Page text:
Movie Review: “The Imitation Game”


World War II, for those a little rusty on their history, wasn’t won by Brad Pitt or General Patton or Captain America. It was won by a bunch of nerds led by a socially inept, puzzle-obsessed mathematical genius who also happened to be homosexual at a time when homosexuality was illegal in Great Britain.

Their work, breaking enemy codes, was “Ultra” secret, the ultimate secret of the war. Ironically, it was entrusted to a man who was already quite accomplished at keeping secrets in his personal life.

“The Imitation Game” is an entertaining, sometimes riveting and yet quite conventional film biography of Alan Turing, the glum but gay Brit who invented the first electronic computer and thus created the modern world.

Benedict Cumberbatch manages an efficient, brittle and brooding turn as Turing, working with a screenplay that, on many occasions, turns him into an object of fun, a World War II era Sheldon Cooper of TV’s “The Big Bang Theory.”
“Mother says I’m just an odd duck.”

Graham Moore’s screenplay, based on an Andrew Hodges book, frames Turing’s story within a police case. A Manchester detective (Rory Kinnear) investigates a 1951 break-in at Professor Turing’s home, and is so put off by his aloof insults that he digs into who Turing really is and what his war record was. Detective Nock can interrogate the Great Man all he wants, but he must “Pay attention. I will not pause, I will not repeat myself.”

Norwegian director Morten Tyldum’s film flashes back to Turing’s comically brusque first meeting with his would-be Royal Navy boss (Charles Dance, biting), his incompetence at mixing with his code-cracking teammates and the stroke of genius that had him go directly to Churchill, through the MI-6 intelligence chief (Mark Strong, wonderfully inscrutable) to take over the team.

Turing’s brainstorm — only a machine can defeat another machine, the German Enigma encoder. He will build an electronic device that can sift through the coded Morse Code letters of German transmissions fast enough to save convoys, head off attacks and foil the fascists, who were winning the war pretty much right up to that moment.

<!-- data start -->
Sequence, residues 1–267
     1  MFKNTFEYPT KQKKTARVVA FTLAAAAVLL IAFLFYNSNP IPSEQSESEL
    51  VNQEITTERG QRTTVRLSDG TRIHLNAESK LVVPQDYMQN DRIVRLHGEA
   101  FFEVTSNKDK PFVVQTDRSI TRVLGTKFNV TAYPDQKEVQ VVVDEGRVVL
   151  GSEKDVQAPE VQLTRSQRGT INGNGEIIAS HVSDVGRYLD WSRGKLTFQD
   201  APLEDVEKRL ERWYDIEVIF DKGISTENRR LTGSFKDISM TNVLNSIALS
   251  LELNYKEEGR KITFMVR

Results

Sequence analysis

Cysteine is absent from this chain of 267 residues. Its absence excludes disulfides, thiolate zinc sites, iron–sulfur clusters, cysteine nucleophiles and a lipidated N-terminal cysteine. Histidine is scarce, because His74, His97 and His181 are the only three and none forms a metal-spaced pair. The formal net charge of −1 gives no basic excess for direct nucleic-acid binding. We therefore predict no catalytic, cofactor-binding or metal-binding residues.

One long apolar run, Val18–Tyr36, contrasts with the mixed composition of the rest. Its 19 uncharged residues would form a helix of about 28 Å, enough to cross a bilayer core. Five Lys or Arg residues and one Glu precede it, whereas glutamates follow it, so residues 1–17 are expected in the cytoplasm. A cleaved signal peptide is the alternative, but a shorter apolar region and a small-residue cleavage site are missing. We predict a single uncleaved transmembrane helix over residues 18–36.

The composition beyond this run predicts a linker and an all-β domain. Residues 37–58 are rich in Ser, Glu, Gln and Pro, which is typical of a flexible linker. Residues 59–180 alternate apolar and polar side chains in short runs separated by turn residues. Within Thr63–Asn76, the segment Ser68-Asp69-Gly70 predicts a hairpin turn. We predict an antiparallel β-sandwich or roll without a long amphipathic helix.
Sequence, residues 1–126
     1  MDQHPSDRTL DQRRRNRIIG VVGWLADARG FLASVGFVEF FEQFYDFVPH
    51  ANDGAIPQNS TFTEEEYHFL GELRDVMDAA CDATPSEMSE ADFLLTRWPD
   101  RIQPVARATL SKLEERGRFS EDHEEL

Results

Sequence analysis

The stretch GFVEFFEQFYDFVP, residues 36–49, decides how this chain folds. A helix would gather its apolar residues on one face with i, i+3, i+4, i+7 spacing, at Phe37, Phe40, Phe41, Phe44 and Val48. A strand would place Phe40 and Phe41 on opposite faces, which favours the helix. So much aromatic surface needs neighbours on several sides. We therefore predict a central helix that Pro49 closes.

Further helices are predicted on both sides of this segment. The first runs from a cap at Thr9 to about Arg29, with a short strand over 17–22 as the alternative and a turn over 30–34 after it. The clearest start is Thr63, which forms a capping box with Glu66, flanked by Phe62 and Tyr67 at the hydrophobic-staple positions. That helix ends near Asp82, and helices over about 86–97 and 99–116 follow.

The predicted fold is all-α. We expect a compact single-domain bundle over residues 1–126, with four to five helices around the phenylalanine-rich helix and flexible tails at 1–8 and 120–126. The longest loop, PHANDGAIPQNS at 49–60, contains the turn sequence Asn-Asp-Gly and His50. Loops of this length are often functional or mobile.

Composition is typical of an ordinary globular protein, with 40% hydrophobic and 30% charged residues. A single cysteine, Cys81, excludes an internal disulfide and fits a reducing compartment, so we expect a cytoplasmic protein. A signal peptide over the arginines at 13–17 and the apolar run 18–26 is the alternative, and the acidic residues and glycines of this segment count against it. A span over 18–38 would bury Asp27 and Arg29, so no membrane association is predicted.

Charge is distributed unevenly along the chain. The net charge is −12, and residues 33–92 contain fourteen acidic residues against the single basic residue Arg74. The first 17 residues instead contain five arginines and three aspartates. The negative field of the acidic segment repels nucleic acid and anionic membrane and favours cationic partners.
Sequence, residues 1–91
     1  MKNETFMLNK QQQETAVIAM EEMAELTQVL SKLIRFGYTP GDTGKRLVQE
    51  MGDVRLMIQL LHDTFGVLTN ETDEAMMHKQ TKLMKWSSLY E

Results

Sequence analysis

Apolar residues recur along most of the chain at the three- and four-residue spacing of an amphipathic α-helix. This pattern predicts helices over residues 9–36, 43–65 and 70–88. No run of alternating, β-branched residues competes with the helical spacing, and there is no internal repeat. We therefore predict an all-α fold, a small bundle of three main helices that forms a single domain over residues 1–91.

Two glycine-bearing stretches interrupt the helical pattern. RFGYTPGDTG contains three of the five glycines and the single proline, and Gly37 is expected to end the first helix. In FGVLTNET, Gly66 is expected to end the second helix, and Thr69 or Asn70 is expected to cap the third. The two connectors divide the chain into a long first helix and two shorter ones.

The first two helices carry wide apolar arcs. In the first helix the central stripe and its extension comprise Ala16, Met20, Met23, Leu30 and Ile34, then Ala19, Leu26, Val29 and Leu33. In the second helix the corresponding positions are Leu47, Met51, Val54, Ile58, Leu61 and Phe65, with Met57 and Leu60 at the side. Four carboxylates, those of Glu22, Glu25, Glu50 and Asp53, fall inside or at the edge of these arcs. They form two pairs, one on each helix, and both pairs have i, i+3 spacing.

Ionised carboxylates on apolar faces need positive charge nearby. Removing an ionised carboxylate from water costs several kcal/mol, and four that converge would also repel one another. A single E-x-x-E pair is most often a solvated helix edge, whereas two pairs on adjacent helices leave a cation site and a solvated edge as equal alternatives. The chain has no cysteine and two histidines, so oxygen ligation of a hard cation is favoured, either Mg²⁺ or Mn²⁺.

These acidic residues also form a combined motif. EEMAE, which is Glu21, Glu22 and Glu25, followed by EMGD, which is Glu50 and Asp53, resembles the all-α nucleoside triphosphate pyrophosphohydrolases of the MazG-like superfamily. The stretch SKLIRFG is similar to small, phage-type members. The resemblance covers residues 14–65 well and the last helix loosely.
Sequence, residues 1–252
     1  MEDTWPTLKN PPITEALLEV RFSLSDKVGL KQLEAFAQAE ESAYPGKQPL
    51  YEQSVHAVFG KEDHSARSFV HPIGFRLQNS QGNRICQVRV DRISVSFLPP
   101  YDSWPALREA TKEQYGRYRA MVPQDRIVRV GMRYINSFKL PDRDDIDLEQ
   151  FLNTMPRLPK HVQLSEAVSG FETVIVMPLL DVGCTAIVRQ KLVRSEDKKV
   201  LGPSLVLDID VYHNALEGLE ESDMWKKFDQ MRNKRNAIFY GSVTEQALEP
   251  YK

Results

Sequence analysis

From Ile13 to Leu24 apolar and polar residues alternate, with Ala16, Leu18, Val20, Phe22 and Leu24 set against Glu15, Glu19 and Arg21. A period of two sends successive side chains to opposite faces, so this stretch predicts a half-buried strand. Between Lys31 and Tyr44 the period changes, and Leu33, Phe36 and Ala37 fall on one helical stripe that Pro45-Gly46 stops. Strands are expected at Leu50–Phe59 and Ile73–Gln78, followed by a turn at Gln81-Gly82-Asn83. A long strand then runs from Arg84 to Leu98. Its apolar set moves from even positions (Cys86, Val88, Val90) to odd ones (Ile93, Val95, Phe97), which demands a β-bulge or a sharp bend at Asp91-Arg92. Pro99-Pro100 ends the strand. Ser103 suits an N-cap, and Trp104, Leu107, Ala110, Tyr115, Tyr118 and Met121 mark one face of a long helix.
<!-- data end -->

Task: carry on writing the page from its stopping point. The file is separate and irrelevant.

There were threats from the Admiralty, security breaches involving leaks to the Soviets and personality clashes along the way.

“Damn you and your useless machine!” shouts fellow code-breaker Hugh Alexander (Matthew Goode, effortlessly suave and caddish), not knowing a cliche when he bellows one.

Turing is forever insulting his peers and failing to apologize with more than “That’s actually not entirely a terrible idea.”

He uses crossword puzzle tests to recruit help, among them, a woman (Keira Knightley) whom he cannot even invite into the office with the other men. Turing and Joan Clarke had to meet after hours and ponder the problems of Enigma — a secret within a secret within a secret.

And we travel back to Turing’s boarding school days, his first hint of love, which is meant to further reveal his character. The boy playing young Alan, Alex Lawther, is even more convincing as a guarded, eyes-averting genius with a “dirty” secret than Cumberbatch, who is at his best here.

Tyldum’s film recreates the consequences of the war in quick, digitally-augmented scenes of convoys sinking, bombs falling and battles raging. Moore’s script ably ramps up the pressure on the team. It does a poor job of showing the tragedy of Turing’s hidden life but a better job at making a bigger case — unconventional people make unconventional thinkers.

When you’re tackling “the most difficult problem in the world,” you need all the unconventional people you can find.


MPAA Rating: PG-13 for some sexual references, mature thematic material and historical smoking

Cast: Benedict Cumberbatch, Keira Knightley, Matthew Goode, Charles Dance, Mark Strong

Credits: Directed by Morten Tyldum, screenplay by Graham Moore, written by . A release.

Running time: 1:54

About Roger Moore

Movie Critic, formerly with McClatchy-Tribune News Service, Orlando Sentinel, published in Spin Magazine, The World and now published here, Orlando Magazine, Autoweek Magazine
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